Chinese Balloon Shot Down Galaxy S23 Ultra: Hands-On Netflix Password-Sharing Crackdown Super Bowl Ads Google's Answer to ChatGPT 'Knock at the Cabin' Review 'The Last of Us' Episode 4 Foods for Mental Health
Want CNET to notify you of price drops and the latest stories?
No, thank you

Microsoft relaxes virtual-machine rules

Software maker lifts a licensing restriction that had allowed software running inside virtual machines to shift hardware only once every 90 days.

Microsoft on Tuesday announced a change in its licensing policy to make it easier for businesses that want the ability to shift server software that is running in a virtual machine from one physical machine to another.

The licensing shift, which had been expected, lifts a cap that had limited the ability to switch software from one physical machine to another within a server farm. Under the prior rules, such shifts could me made only once every 90 days. That's a problem because software from VMware and others aims to allow such transfers to be made dynamically in response to changing demand.

"Businesses are taking steps to make their IT operations more dynamic and are delving into virtualization as a cornerstone strategy," Microsoft Senior Director Zane Adam said in a statement. "Microsoft recognizes this and is innovating its licensing policies, product support, and a wide range of IT solutions to help customers get virtual now."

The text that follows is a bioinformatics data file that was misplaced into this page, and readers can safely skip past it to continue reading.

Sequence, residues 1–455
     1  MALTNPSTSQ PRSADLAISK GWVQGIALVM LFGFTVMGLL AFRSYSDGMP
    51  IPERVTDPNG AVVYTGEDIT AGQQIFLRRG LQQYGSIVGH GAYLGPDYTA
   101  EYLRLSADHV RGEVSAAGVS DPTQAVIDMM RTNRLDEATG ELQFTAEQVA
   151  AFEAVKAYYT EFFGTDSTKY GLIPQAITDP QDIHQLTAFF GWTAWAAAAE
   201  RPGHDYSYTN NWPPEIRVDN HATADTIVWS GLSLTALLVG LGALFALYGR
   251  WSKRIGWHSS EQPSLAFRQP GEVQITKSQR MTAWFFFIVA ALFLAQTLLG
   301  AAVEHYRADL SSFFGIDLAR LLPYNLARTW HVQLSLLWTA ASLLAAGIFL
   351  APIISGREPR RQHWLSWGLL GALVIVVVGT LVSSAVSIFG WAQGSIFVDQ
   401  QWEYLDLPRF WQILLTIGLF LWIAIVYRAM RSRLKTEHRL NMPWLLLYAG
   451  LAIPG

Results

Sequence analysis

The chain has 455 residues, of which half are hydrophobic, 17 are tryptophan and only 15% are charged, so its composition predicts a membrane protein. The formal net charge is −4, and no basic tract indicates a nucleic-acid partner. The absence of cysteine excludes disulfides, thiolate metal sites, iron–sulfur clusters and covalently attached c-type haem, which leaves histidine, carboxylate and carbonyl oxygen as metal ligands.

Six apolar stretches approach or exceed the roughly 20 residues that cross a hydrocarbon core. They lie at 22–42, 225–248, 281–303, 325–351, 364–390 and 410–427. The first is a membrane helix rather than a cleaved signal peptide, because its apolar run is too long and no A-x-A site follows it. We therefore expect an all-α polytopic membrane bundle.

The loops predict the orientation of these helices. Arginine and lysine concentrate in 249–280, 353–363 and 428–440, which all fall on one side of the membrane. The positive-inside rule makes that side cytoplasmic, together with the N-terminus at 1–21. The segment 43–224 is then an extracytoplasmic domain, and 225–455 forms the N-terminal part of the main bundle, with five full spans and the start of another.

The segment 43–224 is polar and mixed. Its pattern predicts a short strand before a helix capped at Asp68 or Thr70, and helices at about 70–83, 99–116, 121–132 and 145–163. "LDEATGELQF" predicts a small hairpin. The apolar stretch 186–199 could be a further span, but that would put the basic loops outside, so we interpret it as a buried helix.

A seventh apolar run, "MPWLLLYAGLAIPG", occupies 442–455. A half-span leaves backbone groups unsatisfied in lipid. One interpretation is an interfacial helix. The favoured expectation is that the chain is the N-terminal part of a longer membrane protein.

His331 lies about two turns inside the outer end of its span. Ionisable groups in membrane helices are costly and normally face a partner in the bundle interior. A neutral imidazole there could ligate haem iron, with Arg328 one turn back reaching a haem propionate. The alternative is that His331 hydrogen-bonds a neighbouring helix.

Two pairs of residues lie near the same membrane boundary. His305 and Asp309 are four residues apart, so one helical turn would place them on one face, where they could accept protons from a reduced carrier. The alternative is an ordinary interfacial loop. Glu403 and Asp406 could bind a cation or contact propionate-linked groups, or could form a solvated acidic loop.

The change applies to 41 server titles, Microsoft said, including the enterprise version of SQL Server 2008, the standard and enterprise versions of Exchange Server 2007, as well as the Microsoft Office SharePoint Server 2007 and Microsoft System Center products.

Microsoft also plans to offer better support for businesses that are running its software inside other companies' virtualization engines. Under the changes, Microsoft will support its software running inside virtual machines from VMware, Cisco Systems, Citrix, Novell, Sun Microsystems, and Virtual Iron as if it were being run in nonvirtual environments.

In the past, many customers with problems running Microsoft software in VMware, for example, had to reproduce the problem outside of VMware in order to get technical support from Microsoft.

For some time now, Microsoft has been trying to shift its pricing policies to reflect a new world in which server software often runs inside virtual machines.

Microsoft is going to have more to say on the virtualization front at a September 8 event in the Seattle area.